We haven’t come a long way, baby.

Today, March 8, is International Women’s Day and March is Women’s History month in the United States, the United Kingdom, and Australia.

It has taken every fiber of my being not to comment on the complete train-wreck going on in the United States right now what with congress debating contraception and Rush (Big, Fat Idiot) Limbaugh’s comments towards a Georgetown female student. After all, I don’t live there. But as someone who is seeing this from the outside, let me just say that it’s this kind of backward thinking that has the rest of the world looking at you as a joke, America. Before moving on to another topic, I will say that Rush Limbaugh and his Tea Party cronies have done American women a favour. By spouting off their true colours, they have shown the next generation of young women voters that feminism is not only still a relevant cause to fight for, but just how tenuous their rights are in their own country.

As a feminist, I can’t help but look at International Women’s Day and Women’s History Month as little patronizing pats on the head. We won’t be truly equal until we no longer need a day or a month telling us how we are appreciated. I do understand the importance of a movement that helps stop violence against women, but why should that only be publicized on the eighth day of the month of March? Feminists are working every day to increase awareness and change laws to protect women world wide. We really don’t need a day of the year dedicated to us to make us feel that our efforts are being recognized. You want to make us feel that way? Work with us and not against us. There are still many atrocities being committed against women all over the world, from rape as a weapon of war, to female circumcision, to honour killings. Women’s rights are not nearly equal to those of men. Even in North America (yes, Canada too), women still don’t have equal pay for equal work. Now as much, if not, more than ever before the feminist movement is necessary.

So, Happy International Women’s Day. What are you going to do about it?

For information on how you can get active, here are three great places to start.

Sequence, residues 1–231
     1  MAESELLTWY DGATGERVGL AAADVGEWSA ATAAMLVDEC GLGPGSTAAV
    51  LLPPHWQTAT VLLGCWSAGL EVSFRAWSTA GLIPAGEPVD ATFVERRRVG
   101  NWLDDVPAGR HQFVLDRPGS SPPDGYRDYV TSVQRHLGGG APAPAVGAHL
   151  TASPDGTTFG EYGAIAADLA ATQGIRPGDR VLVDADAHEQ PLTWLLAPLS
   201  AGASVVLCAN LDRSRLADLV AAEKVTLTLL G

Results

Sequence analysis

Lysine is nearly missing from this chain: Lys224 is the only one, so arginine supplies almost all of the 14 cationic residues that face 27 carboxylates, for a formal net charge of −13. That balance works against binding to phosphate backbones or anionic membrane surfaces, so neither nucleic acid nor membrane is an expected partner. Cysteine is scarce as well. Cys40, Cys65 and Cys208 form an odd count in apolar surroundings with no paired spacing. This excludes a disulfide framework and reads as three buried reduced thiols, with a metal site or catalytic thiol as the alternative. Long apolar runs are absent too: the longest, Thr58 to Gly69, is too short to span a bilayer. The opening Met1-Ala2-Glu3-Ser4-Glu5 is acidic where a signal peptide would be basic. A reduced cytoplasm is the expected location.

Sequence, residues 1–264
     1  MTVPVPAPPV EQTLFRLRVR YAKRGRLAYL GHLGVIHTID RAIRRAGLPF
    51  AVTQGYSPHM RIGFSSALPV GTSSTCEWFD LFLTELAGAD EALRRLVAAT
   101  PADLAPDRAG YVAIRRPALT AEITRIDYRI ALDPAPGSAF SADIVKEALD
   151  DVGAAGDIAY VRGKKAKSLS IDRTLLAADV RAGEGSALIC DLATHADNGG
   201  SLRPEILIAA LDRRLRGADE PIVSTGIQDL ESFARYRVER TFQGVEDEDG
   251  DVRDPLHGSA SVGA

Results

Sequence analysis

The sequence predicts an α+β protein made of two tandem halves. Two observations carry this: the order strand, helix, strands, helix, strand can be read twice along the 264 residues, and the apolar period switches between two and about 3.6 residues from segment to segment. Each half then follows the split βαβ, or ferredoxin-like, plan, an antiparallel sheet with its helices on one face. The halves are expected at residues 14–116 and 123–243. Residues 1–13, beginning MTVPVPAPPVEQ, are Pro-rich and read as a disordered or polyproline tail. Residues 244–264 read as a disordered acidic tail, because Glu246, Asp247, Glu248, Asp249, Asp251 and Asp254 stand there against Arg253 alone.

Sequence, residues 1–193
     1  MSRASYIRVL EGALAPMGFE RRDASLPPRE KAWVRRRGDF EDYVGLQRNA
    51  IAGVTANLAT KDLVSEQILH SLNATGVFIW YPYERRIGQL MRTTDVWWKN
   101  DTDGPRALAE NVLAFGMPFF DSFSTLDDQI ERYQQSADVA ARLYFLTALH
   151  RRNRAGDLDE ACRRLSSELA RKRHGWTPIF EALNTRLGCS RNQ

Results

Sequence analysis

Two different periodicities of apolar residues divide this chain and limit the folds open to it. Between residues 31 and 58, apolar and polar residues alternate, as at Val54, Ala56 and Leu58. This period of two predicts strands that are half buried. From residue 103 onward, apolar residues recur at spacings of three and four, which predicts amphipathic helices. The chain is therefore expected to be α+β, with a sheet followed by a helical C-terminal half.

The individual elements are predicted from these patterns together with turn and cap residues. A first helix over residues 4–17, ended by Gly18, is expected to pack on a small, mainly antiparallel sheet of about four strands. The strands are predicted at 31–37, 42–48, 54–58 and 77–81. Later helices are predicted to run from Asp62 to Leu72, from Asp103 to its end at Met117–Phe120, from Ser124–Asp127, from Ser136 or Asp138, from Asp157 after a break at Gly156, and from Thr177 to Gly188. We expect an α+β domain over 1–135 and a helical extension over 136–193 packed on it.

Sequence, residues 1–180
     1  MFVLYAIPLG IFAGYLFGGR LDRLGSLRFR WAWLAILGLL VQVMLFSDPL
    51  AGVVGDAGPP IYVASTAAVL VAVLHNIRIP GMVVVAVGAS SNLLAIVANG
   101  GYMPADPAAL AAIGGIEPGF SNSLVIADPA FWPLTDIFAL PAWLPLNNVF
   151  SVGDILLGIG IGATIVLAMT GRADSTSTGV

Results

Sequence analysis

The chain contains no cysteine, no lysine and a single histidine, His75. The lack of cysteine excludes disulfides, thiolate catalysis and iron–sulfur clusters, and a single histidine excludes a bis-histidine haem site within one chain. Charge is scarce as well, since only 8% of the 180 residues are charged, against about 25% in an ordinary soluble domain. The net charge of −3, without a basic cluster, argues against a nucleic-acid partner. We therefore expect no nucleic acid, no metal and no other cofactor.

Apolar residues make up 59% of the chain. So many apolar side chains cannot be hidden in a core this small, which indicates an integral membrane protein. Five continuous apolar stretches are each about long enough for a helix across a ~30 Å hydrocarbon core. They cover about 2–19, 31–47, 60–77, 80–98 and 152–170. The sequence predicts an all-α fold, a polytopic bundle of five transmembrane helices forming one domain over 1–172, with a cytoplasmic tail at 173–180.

http://www.oxfam.org/

http://feminist.org/

http://www.now.org/

It’s a crime (part two)

Why is prostitution illegal? It really is a victim-less crime. Oh, sure a case could be made that the wives of the male customers are the victims, but, without prostitutes, these men would find somebody else to cheat with. Actually by keeping prostitution illegal, the real victims become the prostitutes, themselves.

If you look at the countries that have legal prostitution, the women who ply this trade have less instances of violence, have less STDs and have less social stigma attached to what they do, which, in turn, gives them a better quality of life.

In countries where prostitution is illegal, sex trafficking is a real problem, STDs run rampant, prostitutes are not protected by the law, so there are more instances of violence perpetrated upon them. These women live in fear of being jailed, beaten or worse on a daily basis.

If your daughter chose to be a prostitute, which of these two lives would you prefer she lived?

There will always be a demand for sex, so there will always be a supply. Keeping prostitution illegal only serves to vilify women who choose to profit from their own sexuality, (and we all know how scary a woman’s sexuality is, just look at how many women are still getting female circumcisions forced upon them on a daily basis worldwide).

We have come a long way, baby, but the road ahead is just as long, if not longer.